Making Hard Decisions – Understanding when it’s time to let your pet go

by on March 9th, 2011 at 7:00 am

If you are a pet owner, you may be faced to make the hard decision of letting go of a pet. For most of us, pets are a part of our family, so the thought of losing that connection can be hard.  Knowing when it’s right to let your pet go is a difficult decision to make and you may have many unanswered questions.

Owners with pet’s that are ill or aging have an extremely difficult decision to make when it comes to the comfort of their pet. The question you may be asking yourself may be, “How do I know how he/she is feeling?”

The tricky part is- you really don’t. Unlike humans, pets can’t tell you how horrible they feel through verbal communication, but they may tell you through body language.

What to do first

Some pets tend to whine or whimper around the house when they feel sick, while others may seem lethargic or “out of it”. These are a few tried and true ways your pet knows how to convey they feel badly. Being physically and emotionally supportive of your pet during this time is crucial. Sometimes the best thing for you to do as a pet owner is make your pet as comfortable as possible.

Quality of life is important for all living things, and unfortunately when your pet has no chance of recovery, they have a poor quality of life. It’s not uncommon to have many questions for a health professional at this time. It’s ok to ask your vet what he or she would do if they were in your position, and what they feel is the most loving thing to do for your pet. Sometimes the answers are just what you need to hear.

Regrettably, many owners have to consider the cost of a sick pet. As much as we may not want to admit it, sometimes financial issues come into play when your pet’s health is concerned. Don’t feel guilty if treatments for your pet are too expensive, taking care of an ill pet can be draining not only on your emotions but your bank account as well. Some owners have been known to ask friends to help them financially as well. The bottom line is whatever you feel comfortable with is always the best route to take.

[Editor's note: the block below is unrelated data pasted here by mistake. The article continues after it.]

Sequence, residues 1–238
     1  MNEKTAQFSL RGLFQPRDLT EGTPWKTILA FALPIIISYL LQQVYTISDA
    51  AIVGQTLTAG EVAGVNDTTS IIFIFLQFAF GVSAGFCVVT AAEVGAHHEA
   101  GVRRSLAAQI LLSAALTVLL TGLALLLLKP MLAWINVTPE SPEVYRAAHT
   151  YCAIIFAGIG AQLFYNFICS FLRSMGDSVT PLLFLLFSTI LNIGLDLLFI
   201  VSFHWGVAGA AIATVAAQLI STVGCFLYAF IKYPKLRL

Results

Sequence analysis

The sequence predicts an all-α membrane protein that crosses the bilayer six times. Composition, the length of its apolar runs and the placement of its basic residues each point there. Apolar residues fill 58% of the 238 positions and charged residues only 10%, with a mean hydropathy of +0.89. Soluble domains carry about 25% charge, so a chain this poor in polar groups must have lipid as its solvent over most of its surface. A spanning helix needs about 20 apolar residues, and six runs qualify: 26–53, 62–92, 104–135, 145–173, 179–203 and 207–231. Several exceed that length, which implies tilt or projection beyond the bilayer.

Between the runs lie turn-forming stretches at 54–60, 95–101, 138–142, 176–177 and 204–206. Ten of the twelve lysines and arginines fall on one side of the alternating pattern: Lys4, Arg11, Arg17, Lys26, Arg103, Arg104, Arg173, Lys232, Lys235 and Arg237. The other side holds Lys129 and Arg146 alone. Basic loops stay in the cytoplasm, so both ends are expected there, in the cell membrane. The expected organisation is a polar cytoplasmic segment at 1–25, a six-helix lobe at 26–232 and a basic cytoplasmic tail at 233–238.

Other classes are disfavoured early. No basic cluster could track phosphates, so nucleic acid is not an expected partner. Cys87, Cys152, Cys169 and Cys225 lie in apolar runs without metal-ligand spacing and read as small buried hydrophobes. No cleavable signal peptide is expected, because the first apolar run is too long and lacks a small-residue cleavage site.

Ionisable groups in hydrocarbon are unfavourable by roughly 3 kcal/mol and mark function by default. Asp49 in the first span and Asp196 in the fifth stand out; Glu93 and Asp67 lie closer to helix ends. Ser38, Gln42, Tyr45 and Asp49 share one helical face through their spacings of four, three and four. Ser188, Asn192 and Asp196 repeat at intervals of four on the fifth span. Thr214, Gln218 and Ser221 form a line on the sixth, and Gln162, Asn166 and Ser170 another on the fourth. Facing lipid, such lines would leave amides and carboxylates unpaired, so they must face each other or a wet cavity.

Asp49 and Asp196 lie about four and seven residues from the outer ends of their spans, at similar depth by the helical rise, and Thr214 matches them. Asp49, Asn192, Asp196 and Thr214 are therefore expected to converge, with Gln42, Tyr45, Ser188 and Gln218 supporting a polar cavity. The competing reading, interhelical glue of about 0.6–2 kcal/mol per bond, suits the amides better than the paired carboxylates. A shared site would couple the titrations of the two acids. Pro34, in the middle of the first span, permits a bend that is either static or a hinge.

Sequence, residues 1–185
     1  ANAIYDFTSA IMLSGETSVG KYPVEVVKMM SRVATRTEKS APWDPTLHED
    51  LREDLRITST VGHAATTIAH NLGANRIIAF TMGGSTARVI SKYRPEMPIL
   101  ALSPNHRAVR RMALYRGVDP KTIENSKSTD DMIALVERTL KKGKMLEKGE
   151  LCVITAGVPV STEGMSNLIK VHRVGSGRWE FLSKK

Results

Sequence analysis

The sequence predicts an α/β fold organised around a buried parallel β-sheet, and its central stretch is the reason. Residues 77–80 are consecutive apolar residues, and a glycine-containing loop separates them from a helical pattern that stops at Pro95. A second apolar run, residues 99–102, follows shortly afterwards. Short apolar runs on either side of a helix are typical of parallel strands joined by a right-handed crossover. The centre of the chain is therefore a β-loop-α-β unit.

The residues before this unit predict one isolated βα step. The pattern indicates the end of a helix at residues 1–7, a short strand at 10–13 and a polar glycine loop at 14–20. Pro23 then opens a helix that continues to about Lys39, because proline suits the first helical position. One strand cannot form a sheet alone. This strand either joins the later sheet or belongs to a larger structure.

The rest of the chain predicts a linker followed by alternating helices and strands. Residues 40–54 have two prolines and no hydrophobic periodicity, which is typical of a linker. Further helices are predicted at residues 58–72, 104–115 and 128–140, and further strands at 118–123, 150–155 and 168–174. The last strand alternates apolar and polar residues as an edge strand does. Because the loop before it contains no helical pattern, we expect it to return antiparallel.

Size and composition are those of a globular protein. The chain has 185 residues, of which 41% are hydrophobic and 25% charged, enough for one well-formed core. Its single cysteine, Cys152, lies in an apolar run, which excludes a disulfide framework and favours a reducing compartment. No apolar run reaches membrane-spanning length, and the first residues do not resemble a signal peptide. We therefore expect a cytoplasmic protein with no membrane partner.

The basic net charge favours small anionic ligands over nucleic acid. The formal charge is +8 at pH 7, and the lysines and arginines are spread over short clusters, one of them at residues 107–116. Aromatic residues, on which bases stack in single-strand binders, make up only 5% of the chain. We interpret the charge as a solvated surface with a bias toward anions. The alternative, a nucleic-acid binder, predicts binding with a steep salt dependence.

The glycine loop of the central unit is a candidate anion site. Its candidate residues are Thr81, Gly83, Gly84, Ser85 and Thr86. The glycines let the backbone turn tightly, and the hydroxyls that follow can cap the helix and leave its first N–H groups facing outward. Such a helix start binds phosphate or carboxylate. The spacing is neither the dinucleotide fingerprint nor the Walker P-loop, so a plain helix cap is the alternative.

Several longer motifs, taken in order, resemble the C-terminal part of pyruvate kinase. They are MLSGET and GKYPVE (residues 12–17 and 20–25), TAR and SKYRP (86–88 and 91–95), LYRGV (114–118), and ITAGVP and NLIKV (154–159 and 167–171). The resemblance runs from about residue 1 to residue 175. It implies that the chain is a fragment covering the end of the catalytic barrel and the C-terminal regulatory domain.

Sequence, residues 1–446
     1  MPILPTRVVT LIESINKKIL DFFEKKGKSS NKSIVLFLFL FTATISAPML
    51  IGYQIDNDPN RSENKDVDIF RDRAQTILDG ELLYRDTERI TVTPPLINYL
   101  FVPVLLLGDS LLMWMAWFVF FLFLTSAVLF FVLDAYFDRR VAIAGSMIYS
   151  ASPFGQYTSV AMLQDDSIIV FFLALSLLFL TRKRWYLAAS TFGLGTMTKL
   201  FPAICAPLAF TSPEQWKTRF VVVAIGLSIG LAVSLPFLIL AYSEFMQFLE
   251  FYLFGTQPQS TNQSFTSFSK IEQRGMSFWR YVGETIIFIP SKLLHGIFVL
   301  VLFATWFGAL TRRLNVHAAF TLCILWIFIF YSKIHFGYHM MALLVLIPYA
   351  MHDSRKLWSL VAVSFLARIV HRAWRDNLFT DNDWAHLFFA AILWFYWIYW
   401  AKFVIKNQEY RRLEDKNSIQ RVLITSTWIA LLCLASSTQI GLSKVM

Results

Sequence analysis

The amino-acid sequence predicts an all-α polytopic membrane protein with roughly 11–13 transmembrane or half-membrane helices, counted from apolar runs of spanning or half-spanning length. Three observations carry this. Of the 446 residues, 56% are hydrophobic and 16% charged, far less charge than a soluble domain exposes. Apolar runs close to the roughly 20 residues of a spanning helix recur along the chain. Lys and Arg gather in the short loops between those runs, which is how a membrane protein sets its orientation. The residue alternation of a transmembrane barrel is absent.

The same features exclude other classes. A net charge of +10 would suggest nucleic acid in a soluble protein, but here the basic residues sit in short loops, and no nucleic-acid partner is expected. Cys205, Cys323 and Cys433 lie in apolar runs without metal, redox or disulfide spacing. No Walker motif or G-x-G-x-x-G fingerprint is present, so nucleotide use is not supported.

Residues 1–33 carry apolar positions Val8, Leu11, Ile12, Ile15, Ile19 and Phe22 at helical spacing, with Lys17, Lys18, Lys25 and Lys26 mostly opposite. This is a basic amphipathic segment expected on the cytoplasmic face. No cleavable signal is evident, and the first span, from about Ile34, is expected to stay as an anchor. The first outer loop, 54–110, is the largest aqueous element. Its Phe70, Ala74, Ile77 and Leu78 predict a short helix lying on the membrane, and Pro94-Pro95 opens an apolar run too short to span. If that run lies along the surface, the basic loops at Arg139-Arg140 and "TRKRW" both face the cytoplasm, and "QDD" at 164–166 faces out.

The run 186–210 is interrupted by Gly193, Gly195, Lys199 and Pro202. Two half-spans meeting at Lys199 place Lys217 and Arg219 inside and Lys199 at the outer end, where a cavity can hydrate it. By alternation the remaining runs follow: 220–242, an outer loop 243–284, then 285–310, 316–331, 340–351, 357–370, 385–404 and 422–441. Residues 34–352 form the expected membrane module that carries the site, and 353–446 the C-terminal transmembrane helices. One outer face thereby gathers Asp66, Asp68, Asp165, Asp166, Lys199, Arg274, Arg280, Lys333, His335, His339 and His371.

Final Process

Whatever road you choose, make sure to take some ME time as well. Some people in your life may not understand exactly what you are dealing with, and may say things that you are not comfortable with. Try not to fault your friends and loved ones for not knowing what to do or say, the sickness or death of a pet is a very personal issue. For more support and comfort, join chat rooms or talk to people who recently went through the same thing you did.

If you have another pet in the house, remember he/she may be grieving just as you are for the recent loss. Take long walks with your other pet and play as much as possible; this will help you take your mind off your loss.

Grief & Pining Formula Homeopathic remedy relieves separation anxiety in pets, plus depression caused by emotional distress, loneliness or sadness

2 Responses to “Making Hard Decisions – Understanding when it’s time to let your pet go”

  1. Gail

    Apr 5th, 2011

    It is so hard, that decision to let your beloved pet go, to know when it’s time to say goodbye. We went through that in 2004, with our Siberian Husky, Kiah. We had her as a member of our family for 13 years. From the time she was a small puppy, Kiah loved the water (unusual for Siberians). She loved to swim, play, splash, and it didn’t matter if it was a lake, river, pond, creek, dug-out, or just a large puddle, she had to be in it. In the spring, she loved to stand in the small river near our town, and catch the chunks of ice as they came down during break-up. Unfortunately, standing in the icy water resulted in her developing arthritis, and when it got really painful for her, her Vet put her on Mobicox to relieve the inflammation and pain, and for the first while, it worked “miracles”. We had our old Kiah back again. However, after sustained use, the Mobicox broke down her kidneys, and there was nothing more to be done — we had to force ourselves to say goodbye to our most precious “Happy Girl”, our “KeePuppy”. We had her cremated, and our Vet offered to take her ashes out to the open farm country where he lives, and “threw them to the winds”, where our “Happy Girl” can forever “Run Happy, Run Free” through the fields and bush.

    • B. Chancey

      Apr 13th, 2011

      Hi Gail,

      Thanks so much for your story about your beloved Kiah!

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